More client benefit, less cost, more sustainable agencies. Real reform.

Stay tuned later this week for the next episode.

Friday, December 17, 2004

Self-Directed Services: The mini-series

On a recent CDCAN teleconference (See post dated 6/22) Julia Mullen, one my favorite people, presented the long-awaited as-yet unfinished waiver proposal for self-determination. My phone started ringing pretty quickly with brutally and predictably successful attempts to have my opinion on the topic. Self-direction is a tidal reform, as potentially important as the Lanterman Act was in it's time. So, the fact that it could arrive over the next few years as a viable alternative for many people with disabilities is: exciting, scary, encouraging, troublesome, hopeful, sinister, etc. Like all big change, really.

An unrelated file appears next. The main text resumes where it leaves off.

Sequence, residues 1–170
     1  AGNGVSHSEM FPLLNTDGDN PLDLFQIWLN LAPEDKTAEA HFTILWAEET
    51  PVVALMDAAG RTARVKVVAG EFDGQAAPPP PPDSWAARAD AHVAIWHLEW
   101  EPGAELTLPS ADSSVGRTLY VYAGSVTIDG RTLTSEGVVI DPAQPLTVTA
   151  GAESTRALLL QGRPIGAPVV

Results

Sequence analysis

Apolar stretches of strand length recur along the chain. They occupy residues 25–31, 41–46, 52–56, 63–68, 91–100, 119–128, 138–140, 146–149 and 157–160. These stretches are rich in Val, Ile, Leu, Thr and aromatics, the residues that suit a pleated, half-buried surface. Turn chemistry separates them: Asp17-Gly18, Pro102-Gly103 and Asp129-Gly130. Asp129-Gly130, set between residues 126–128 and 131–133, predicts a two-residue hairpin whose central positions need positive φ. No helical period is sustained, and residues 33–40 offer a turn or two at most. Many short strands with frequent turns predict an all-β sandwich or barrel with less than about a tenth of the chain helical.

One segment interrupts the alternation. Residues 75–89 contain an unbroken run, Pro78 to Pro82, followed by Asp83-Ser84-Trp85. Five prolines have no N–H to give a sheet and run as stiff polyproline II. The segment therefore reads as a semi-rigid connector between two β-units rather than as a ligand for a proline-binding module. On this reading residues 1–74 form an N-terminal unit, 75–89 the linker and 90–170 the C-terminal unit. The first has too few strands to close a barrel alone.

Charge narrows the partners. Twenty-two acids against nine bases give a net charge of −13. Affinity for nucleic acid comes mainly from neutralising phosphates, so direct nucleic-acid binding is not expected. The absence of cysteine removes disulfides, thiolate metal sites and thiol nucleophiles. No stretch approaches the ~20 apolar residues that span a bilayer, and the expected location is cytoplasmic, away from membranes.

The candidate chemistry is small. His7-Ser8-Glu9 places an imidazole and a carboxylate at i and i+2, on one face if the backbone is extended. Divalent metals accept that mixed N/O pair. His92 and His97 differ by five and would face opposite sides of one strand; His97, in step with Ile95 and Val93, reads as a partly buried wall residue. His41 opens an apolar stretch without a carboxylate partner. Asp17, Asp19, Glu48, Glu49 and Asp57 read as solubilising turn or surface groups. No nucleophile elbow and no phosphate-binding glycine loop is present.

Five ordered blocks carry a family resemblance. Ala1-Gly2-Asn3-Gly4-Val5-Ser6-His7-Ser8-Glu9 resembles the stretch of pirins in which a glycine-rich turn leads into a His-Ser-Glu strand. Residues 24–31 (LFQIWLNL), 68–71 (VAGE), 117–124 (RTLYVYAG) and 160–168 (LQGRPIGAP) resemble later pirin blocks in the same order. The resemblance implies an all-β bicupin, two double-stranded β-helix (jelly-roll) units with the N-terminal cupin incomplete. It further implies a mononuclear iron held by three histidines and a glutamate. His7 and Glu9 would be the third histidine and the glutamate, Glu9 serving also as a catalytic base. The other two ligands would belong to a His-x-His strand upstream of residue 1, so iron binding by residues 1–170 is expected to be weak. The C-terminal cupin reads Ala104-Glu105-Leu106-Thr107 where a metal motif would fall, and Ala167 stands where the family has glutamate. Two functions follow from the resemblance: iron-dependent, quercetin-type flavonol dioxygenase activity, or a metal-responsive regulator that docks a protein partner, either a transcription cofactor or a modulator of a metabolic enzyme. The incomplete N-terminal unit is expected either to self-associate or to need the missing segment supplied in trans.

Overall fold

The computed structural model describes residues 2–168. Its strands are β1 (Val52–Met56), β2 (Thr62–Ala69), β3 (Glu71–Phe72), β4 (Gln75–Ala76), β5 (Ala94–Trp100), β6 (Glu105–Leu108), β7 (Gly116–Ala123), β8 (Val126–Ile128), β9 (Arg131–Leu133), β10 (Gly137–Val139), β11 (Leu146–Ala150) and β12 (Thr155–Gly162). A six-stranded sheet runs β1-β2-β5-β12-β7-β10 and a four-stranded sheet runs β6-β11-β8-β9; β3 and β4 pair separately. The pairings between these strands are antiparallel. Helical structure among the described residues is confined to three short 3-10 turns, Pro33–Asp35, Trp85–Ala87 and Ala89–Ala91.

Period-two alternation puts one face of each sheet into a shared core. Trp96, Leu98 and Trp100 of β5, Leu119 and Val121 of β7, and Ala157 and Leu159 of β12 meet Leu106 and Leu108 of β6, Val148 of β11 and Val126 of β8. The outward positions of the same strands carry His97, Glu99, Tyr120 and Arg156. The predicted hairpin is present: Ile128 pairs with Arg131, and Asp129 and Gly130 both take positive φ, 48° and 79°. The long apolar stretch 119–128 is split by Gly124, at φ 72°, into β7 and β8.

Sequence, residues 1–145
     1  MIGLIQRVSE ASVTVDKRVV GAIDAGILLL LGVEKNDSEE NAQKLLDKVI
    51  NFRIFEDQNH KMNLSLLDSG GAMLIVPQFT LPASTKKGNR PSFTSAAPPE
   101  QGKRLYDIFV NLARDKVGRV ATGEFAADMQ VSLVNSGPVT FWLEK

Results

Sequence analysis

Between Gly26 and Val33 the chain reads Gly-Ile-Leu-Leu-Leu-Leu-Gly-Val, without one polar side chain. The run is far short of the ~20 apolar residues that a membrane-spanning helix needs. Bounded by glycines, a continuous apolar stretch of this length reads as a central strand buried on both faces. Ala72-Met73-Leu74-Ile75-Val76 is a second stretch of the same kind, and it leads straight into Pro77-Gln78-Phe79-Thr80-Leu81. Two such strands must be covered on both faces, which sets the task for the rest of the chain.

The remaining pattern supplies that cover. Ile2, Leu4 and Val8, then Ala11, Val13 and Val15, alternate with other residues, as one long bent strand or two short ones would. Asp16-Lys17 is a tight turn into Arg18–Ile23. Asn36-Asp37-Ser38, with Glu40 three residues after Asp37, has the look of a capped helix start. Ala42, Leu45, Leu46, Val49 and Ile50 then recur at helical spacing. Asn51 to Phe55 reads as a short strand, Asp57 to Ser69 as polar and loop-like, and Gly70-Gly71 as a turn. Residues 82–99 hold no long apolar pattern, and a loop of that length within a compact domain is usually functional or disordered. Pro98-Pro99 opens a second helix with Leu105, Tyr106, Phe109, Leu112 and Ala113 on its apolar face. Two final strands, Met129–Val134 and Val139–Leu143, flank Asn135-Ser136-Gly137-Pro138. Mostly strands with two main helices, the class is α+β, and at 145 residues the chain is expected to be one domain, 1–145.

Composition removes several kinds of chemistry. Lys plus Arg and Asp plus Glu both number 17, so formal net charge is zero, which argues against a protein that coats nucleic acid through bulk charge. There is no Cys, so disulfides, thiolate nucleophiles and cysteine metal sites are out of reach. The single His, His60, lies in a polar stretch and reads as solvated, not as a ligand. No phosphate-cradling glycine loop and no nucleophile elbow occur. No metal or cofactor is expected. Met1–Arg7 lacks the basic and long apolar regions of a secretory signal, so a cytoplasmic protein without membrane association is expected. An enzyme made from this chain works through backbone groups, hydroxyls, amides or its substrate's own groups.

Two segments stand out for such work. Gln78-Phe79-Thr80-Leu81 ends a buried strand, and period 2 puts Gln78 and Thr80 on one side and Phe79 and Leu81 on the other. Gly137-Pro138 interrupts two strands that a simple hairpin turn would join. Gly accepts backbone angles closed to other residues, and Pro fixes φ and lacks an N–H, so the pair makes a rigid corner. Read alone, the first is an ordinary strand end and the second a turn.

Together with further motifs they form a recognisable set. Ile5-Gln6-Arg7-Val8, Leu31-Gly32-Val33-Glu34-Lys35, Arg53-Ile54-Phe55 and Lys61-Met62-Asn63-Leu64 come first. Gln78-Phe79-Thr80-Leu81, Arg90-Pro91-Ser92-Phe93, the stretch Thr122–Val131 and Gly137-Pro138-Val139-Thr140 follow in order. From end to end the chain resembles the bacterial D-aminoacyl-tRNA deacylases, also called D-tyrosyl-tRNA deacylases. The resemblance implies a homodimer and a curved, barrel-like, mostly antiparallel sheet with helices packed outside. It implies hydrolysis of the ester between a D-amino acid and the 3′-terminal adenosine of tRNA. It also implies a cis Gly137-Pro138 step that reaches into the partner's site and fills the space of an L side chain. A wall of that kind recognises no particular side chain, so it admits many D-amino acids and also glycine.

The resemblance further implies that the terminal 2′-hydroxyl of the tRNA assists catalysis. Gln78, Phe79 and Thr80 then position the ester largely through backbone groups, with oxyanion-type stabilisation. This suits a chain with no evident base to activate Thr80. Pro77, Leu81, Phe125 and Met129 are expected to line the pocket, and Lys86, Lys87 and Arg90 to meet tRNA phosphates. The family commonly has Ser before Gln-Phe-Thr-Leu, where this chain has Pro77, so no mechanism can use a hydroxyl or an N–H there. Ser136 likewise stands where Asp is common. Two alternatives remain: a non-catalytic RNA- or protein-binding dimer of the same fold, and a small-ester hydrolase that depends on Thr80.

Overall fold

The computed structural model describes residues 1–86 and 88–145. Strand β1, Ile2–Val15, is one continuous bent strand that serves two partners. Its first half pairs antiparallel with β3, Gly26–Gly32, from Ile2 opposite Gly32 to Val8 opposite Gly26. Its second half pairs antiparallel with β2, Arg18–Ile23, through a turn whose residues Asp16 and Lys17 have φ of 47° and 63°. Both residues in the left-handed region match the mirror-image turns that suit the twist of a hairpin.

Also, there are a lot of issues- some conceptual and more that occur in the space between theory and practice. After the teleconference I decided that my next few posts on this site would be a series on some of the issues that I think are important related to self-determination, with maybe a one-off post next week on a Christmas-y theme.

First- the primer: Self-determination (self-direction ((SD)) refers to a system in which individuals or families served are given a budget to control. In the traditional system, Regional Center staff determine what the client needs and procure something similar regardless of cost under a host of regulations that define and limit and motivate and control available resources. The services are controlled, but the cost is not. Under an SD system, the cost is prescribed but the services are regulated primarily by the client. The person served has a great deal more real control over services including a larger share of the oversight, accountability and right to define what (or who) is a useful support.

Now, the introduction to the upcoming series: